Every Sunday, we pick a new episode of the week. It could be good. It could be bad. It will always be interesting. You can read the archives here. The episode of the week for January 8 through 14 is “Lemons,” the 12th episode of the third season of ABC’s Black-ish.
Hollywood isn’t sure what to do about Donald Trump.
The movie and TV industry, long a center of cosmopolitan liberalism, often finds itself cast as the villain in the stories that red-state America tells itself. At the same time, it’s hard to remember an instance when the industry was this united against an incoming president. Sure, many in Hollywood disagreed with Ronald Reagan, but he was still a son of the industry, and decorum supposedly reigned.
But Trump? Nobody will perform at his inauguration, and the Golden Globes were essentially an extended riff on an early joke that host Jimmy Fallon told, the punchline of which boiled down to, “A year from now, we’ll all be dead.” Hollywood not only doesn’t support the president-elect — it’s actively scared of him.
And, to be sure, a majority of Americans didn’t vote for Trump, nor are his approval ratings all that great. In 2017, criticizing the incoming president doesn’t mean risking one’s career in the way that Dixie Chicks lead singer Natalie Maines did when she criticized George W. Bush in 2003. There are an awful lot of Americans who are just as scared as these celebrities, and someone like Meryl Streep, speaking at the Golden Globes, hopes to connect to them.
But what about everybody else? Pop culture is ostensibly for everybody, and even if it challenges our assumptions or forces us to think about different viewpoints, it generally tries to do so in as nonconfrontational a manner as possible. How do those in the industry who oppose Trump stand up against him without hurting their bottom lines? (After all, if nothing else, Hollywood is wildly capitalist.)
“Lemons,” the most recent episode of Black-ish, has some ideas.
The characters on Black-ish just assume everybody they know voted for Hillary Clinton — until they meet someone who didn’t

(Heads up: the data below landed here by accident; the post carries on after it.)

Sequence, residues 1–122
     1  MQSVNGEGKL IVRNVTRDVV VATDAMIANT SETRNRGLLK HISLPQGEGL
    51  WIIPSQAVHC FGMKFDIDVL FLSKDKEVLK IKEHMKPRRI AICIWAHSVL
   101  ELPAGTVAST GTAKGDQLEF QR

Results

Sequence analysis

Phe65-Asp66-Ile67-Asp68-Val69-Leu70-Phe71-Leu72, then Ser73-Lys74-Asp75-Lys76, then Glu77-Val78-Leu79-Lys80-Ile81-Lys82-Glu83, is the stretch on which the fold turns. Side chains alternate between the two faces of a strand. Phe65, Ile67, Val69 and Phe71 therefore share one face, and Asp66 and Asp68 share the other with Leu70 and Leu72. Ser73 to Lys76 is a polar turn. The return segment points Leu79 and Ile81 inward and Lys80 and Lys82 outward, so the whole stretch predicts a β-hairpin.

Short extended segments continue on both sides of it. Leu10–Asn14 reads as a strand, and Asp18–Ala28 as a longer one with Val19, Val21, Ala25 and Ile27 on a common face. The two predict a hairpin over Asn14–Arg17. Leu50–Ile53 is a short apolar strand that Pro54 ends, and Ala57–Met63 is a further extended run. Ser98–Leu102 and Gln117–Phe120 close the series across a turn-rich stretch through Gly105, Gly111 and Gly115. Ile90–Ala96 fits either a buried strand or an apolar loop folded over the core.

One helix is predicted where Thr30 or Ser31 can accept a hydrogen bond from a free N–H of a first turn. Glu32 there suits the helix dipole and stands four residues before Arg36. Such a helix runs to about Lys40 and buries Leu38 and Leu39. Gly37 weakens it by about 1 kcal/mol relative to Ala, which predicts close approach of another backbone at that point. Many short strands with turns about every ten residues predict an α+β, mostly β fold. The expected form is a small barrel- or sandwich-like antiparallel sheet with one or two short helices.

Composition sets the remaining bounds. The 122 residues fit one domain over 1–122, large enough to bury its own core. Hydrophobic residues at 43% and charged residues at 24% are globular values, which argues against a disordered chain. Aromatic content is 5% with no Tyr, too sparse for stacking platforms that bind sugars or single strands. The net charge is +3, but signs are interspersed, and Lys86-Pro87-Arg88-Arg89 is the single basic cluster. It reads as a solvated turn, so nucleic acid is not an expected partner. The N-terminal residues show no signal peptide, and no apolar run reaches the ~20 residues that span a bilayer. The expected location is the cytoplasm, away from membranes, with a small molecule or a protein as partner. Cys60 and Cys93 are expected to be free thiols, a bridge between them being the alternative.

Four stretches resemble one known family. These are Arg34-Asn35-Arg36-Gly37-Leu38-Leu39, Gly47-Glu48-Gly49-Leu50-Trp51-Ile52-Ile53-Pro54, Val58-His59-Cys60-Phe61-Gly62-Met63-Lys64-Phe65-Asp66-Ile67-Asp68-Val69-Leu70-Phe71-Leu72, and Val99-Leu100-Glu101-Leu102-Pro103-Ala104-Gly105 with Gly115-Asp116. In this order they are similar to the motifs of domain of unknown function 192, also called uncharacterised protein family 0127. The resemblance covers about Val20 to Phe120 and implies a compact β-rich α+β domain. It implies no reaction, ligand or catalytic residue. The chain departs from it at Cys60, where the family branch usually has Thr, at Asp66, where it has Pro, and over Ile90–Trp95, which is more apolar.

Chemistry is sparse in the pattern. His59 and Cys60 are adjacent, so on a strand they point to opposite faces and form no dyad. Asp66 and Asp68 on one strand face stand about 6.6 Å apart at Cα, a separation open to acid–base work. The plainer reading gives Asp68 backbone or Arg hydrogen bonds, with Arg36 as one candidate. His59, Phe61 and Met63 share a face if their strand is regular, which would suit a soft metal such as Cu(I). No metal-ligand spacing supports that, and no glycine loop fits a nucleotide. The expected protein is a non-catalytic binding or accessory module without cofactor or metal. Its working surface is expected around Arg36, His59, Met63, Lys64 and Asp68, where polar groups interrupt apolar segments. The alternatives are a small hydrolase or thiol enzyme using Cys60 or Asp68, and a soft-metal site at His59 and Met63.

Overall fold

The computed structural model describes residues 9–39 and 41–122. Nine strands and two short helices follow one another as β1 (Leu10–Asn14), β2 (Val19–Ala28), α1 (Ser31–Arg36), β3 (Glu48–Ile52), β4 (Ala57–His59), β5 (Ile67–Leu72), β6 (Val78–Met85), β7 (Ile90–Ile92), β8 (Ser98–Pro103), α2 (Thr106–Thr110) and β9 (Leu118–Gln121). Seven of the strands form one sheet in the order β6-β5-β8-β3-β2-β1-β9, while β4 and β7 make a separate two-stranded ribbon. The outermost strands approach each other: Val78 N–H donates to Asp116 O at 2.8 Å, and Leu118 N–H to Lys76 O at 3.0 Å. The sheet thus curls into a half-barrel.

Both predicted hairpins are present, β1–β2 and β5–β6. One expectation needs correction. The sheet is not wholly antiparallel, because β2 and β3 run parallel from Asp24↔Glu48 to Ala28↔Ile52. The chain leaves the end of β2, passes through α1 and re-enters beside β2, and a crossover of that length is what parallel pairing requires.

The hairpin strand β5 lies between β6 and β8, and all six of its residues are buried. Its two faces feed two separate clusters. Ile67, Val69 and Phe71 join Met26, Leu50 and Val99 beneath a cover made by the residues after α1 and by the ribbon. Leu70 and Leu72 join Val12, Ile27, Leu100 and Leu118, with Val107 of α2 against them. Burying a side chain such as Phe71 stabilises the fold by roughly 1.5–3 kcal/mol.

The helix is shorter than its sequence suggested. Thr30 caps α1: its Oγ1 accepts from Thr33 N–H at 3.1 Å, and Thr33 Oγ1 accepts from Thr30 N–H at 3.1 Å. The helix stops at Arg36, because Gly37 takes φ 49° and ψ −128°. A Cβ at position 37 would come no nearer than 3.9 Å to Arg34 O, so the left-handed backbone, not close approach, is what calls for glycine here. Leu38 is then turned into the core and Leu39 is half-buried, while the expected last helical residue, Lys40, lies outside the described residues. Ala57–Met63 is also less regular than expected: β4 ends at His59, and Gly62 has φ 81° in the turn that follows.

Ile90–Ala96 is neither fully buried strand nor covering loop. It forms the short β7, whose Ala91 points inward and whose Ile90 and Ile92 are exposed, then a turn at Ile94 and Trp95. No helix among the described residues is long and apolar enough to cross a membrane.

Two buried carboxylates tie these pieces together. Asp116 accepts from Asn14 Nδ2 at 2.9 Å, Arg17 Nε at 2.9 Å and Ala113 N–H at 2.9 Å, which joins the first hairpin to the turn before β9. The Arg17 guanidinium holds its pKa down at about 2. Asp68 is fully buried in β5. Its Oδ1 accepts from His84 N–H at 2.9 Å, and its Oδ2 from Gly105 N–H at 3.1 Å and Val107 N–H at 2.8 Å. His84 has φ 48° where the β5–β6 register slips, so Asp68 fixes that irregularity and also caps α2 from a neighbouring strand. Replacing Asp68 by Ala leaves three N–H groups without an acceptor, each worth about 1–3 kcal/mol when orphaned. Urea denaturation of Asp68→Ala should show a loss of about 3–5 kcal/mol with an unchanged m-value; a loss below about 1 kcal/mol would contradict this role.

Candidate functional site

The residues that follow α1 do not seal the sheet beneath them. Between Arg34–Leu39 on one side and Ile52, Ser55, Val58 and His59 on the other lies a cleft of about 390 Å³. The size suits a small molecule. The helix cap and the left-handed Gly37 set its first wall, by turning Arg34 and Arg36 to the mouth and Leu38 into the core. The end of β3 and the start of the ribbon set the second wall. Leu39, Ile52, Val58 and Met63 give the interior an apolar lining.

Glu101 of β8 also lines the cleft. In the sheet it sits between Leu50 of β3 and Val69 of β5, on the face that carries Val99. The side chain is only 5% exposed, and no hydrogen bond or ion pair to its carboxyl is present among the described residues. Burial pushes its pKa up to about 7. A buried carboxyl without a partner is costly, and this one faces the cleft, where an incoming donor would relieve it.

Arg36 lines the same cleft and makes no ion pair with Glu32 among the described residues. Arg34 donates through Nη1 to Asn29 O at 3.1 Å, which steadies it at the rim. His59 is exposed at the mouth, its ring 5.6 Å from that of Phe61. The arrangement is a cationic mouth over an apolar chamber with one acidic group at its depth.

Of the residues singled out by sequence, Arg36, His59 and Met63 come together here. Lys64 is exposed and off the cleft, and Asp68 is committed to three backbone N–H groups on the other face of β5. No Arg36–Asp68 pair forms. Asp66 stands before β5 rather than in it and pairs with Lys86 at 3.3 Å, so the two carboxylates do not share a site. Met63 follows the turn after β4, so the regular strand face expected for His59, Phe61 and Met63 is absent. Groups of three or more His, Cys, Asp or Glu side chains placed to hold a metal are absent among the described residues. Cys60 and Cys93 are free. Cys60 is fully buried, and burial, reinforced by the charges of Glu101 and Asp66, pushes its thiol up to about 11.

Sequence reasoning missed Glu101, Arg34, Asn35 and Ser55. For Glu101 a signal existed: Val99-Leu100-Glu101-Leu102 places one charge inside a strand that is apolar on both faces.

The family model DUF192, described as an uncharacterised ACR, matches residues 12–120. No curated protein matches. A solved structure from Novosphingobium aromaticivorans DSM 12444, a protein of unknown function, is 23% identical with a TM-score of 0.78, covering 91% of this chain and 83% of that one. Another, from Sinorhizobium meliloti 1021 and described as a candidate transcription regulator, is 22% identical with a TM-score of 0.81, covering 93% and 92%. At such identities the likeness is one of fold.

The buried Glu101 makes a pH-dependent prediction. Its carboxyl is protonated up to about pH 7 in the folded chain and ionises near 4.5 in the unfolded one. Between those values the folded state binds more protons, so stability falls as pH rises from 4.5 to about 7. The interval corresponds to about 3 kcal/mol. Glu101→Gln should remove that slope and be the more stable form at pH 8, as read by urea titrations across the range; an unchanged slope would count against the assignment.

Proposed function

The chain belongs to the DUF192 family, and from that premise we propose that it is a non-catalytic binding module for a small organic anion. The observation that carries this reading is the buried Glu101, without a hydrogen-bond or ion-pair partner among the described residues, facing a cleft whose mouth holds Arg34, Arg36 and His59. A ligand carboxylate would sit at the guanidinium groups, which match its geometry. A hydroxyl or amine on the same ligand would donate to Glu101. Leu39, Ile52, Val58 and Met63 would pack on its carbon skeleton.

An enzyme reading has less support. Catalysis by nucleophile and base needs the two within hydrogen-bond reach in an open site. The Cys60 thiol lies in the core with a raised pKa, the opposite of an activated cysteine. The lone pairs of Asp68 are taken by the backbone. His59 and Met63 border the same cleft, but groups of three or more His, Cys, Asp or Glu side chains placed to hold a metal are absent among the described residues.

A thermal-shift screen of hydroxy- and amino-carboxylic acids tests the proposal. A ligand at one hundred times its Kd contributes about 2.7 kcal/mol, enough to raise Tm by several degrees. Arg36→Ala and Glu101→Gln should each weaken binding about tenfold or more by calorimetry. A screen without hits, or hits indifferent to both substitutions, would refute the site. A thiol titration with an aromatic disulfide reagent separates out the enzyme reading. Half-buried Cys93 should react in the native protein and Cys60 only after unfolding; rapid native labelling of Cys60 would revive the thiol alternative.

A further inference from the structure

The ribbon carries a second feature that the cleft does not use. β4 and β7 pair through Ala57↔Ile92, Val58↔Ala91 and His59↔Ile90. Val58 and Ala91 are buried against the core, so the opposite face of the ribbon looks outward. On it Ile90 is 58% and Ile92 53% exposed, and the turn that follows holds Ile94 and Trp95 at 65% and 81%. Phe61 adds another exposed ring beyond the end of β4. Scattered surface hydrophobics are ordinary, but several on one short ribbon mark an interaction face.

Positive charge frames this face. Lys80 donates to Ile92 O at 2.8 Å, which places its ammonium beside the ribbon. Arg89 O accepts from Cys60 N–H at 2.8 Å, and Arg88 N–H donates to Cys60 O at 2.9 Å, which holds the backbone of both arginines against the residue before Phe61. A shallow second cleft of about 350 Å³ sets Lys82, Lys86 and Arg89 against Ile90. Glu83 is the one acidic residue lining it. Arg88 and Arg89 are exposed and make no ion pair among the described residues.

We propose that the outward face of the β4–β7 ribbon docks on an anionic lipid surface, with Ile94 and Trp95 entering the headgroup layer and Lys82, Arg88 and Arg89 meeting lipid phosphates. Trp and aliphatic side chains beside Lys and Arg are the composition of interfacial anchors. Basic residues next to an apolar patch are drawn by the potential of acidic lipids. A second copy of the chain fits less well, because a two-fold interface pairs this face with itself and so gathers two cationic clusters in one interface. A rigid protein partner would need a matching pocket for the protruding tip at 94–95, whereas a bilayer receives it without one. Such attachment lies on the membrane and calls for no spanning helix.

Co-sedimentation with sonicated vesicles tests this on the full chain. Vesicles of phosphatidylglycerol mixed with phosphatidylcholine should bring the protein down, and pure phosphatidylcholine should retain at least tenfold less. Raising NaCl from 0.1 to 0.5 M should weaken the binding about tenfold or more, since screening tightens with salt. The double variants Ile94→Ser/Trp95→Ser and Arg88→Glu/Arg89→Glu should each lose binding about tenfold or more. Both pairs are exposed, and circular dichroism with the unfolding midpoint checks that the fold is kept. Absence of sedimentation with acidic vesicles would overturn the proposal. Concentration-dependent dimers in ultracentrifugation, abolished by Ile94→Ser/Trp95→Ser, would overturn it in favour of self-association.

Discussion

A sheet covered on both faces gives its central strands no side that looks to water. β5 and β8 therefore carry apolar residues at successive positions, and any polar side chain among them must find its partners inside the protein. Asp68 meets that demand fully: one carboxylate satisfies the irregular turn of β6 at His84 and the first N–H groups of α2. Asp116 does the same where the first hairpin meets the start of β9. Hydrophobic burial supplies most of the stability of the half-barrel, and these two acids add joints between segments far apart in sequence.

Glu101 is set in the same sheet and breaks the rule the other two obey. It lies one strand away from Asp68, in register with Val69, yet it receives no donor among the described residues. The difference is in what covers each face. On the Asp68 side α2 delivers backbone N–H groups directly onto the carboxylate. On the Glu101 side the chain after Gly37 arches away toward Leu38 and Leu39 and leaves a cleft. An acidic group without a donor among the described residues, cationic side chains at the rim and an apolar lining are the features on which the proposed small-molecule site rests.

The American sitcom is better than any other TV format at staging long conversations that express multiple viewpoints. It’s true that the sitcom spent many years steadfastly avoiding the sorts of blood-drawing, exhaustion-causing political arguments Americans have in their living rooms.
But then All in the Family came along in 1971. And from that point on, the sitcom has been perhaps the best TV genre for capturing how people who love and respect each other can also disagree violently.
Early in Black-ish’s third season, the episode “40 Acres and a Vote” illustrated how the series fits neatly into this tradition. In it, the characters argued about the then-upcoming election, expressing their ambivalence about Hillary Clinton, Bernie Sanders’s loss in the primaries, and voting in general, examining each issue with sharp wit.
What you might notice is that all of that election-related ambivalence assumes a mostly progressive audience. This makes sense. Unlike its fellow ABC sitcom Last Man Standing, which depicts a conservative dad and his more progressive daughters, all living in purple-state Colorado, Black-ish occupies two longtime Democratic strongholds: the black community and the city of Los Angeles.
Indeed, when “Lemons” begins with a view of the 2016 Electoral College map and then dives into the sea of blue surrounding LA, the implication is obvious: These characters live in their own bubble.
And that bubble is only reinforced throughout the half-hour, as the various characters struggle, two months after the election, with Clinton’s loss and Trump’s triumph. Dre (Anthony Anderson) worries that his advertising office won’t complete a pitch in time to meet a deadline because his co-workers keep adjourning to deal with election-related stress. His wife, Bow (recent Golden Globe winner Tracee Ellis Ross), keeps donating to various progressive causes.